Kuldip Powar is the Director ‘Unravelling’-a journey into war, memory & loss, in collaboration with Nitin Sawhney and Goldmiths University and funded by the ARHC. He will be presenting the film at the workshop, followed by a Q&A.
'Unravelling’ recently won the Best Short Film Competition Award at the 13th London Asian Film Festival,2011. This film was also selected for : The Re-Orient festival in Stockholm; The Spinning Wheel Sikh Film Festival 2008 in Hollywood and Bombay Mix Film Festival 2010(Cine Lumiere). ’Unravelling’ also won the Best Short Film at the 2009 Sikh International Film Festival-New York as well as being screened at the Imperial War Museum, National Army Museum, RIBA, V&A & Tate Britain, The Southbank, Museum of London and most recently at The Black International Film Festival, Berlin.
Kuldip has also worked on various film projects that explore the lives of Asian people in Britain. Completed a short film piece Remembrance (2005) funded by the BFI ‘Screen Rootz’ Initiative, poetically exploring post-colonial memory of WWII vis-à-vis personal testimony and narrative. Co-Directed the film, Kabhi Ritz Kabhie Palladium (2003) about the social cinema scenes amongst the South Asian diaspora communities of Coventry, for an Herbert Art Gallery & Museum exhibition. Has experience in conducting oral and visual ethnographies across Britain. Created an oral history archive and directed a documentary (funded by the MLA) titled For the Record: the social life of Indian vinyl in Southall (2008), which was screened at The British Library (2009). Kuldip has also been a member of the ‘Music In Museums’ meeting group (programmed by the MLA) and has given presentations at The Horniman Museum and The Royal College of Music. He has worked with The Royal Geographical Society as a Volunteer Community Consultant for the ‘Hidden Histories’ and ‘Moving Journeys’ projects. He has worked for the Sorrell Foundation on the ‘Building Schools for the Future’ programme as a Project Facilitator.
He is currently working as an ‘Associate Artist’ for Tamasha Theatre Company, co-leading ‘Small Lives Global Ties' Writers Group.
Helen Graham (Newcastle University)
I approach the theorizing of ‘temporality’ and ‘community participation’ both from practice and for practice. Specifically my background is in coordinating community participation/ ‘co-production’ projects in the museum and heritage sector and, more recently, merging these techniques with those associated with participatory action research and inclusive research.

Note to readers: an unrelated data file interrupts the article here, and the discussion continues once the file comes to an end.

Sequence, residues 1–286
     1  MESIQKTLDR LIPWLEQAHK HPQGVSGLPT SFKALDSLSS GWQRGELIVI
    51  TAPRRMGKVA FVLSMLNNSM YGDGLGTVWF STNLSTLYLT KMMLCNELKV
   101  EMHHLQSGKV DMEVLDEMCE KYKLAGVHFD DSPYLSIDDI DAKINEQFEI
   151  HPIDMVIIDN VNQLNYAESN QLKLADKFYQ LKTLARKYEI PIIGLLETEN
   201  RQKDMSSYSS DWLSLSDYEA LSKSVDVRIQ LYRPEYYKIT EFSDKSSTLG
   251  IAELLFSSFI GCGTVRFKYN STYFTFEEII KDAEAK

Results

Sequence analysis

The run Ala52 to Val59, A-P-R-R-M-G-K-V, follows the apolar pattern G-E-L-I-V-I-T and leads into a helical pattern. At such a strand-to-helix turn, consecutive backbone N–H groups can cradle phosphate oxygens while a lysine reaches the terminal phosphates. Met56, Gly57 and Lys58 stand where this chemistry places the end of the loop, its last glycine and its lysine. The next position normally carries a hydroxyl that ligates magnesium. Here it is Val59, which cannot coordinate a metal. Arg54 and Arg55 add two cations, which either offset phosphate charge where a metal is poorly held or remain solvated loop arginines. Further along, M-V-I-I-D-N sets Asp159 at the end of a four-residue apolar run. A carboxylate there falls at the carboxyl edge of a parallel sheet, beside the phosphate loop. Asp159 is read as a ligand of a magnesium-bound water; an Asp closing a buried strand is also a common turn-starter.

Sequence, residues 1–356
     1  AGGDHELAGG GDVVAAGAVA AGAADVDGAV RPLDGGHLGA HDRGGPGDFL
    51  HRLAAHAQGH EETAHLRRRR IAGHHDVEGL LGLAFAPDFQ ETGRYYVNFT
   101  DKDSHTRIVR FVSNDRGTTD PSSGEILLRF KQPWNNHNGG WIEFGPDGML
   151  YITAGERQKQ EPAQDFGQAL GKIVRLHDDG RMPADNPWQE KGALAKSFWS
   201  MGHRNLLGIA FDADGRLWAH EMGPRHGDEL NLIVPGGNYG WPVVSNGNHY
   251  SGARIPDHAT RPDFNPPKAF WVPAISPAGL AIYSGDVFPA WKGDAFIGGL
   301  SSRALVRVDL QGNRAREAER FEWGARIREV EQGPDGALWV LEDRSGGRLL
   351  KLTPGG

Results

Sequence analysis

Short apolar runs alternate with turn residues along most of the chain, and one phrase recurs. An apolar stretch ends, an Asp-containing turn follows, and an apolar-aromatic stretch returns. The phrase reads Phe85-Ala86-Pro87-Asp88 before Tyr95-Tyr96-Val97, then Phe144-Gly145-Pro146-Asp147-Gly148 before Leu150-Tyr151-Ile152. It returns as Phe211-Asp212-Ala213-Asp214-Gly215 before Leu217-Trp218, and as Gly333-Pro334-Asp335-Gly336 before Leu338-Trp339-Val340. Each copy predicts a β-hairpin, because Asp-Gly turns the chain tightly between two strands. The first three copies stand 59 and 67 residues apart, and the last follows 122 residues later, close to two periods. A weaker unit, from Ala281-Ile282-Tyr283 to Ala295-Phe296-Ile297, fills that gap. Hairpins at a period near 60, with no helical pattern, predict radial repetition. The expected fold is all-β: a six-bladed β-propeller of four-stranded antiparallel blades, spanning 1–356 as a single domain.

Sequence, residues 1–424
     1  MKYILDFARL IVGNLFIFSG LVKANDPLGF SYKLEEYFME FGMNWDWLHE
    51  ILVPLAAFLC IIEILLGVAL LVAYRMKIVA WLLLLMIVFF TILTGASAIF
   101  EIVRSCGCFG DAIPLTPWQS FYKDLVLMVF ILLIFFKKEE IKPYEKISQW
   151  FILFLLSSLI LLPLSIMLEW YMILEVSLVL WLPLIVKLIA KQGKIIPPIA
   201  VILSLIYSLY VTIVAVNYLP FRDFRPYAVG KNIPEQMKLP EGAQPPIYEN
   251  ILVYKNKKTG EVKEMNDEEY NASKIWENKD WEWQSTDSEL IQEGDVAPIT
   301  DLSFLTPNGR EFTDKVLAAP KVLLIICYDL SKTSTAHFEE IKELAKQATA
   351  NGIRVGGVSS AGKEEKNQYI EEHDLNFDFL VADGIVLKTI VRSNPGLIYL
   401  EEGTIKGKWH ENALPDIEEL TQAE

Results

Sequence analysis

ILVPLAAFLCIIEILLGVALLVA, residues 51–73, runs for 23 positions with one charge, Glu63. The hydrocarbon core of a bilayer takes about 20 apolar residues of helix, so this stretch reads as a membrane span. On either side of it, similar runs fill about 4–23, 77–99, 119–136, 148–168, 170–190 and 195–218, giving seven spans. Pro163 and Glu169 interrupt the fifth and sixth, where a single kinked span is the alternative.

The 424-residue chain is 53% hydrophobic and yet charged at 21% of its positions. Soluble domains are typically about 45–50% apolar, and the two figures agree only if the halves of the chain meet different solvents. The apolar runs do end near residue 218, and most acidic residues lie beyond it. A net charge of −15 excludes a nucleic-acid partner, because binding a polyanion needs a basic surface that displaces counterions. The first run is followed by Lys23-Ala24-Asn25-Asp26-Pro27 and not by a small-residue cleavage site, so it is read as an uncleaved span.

A dominant political impulse in theorizing museums and heritage community engagement has been critical and has tended to draw on hegemony as a key theoretical political framework (e.g. Smith 2004; 2006; Smith and Waterton 2010; Lynch and Alberti 2010). In the light of existing work in museums and heritage studies and on participative and inclusive research, I’m currently interested in developing a temporalisation of community participation which might neither under- nor over-burden collaborative practice. In approaching this I am interested in how there might be productive ‘partial connections’ (Strathern 1999) drawn between the multiple temporalities of history as ‘conditions of possibility’ and the phenomenology or non-representational (Thrift 2007) nature of ‘the encounter’. To put it another way, in the context of ‘community participation’ how does time relate to ‘scale’?
I am an independent researcher whose academic training has primarily been in the area of Literary Studies and Critical Theory. In 2007 I began volunteering at a people’s history museum in Cardiff called the Butetown History & Arts Centre, where I learnt about life stories, oral history and the possibility of using museums as a vehicle for social change. Since then I have pursued an interest in public history and have recently curated an exhibition about feminism in Bristol called Sistershow Revisited. At present I am very interested in creating on and offline spaces where people and historical information can collide. My approach to this workshop will draw on these concerns, specifically exploring the issue of time within researching, documenting and disseminating vulnerable forms of material culture. As a case study I will draw on the Women’s Liberation Music Archive, a recently launched web archive of music from the UK feminist movements of the 1970s and 1980s. I shall be exploring how the creative actions produced by women in these communities, when digitised, has the capacity to transform the temporality of contemporary cultural memory.
Deborah's Lightning Talk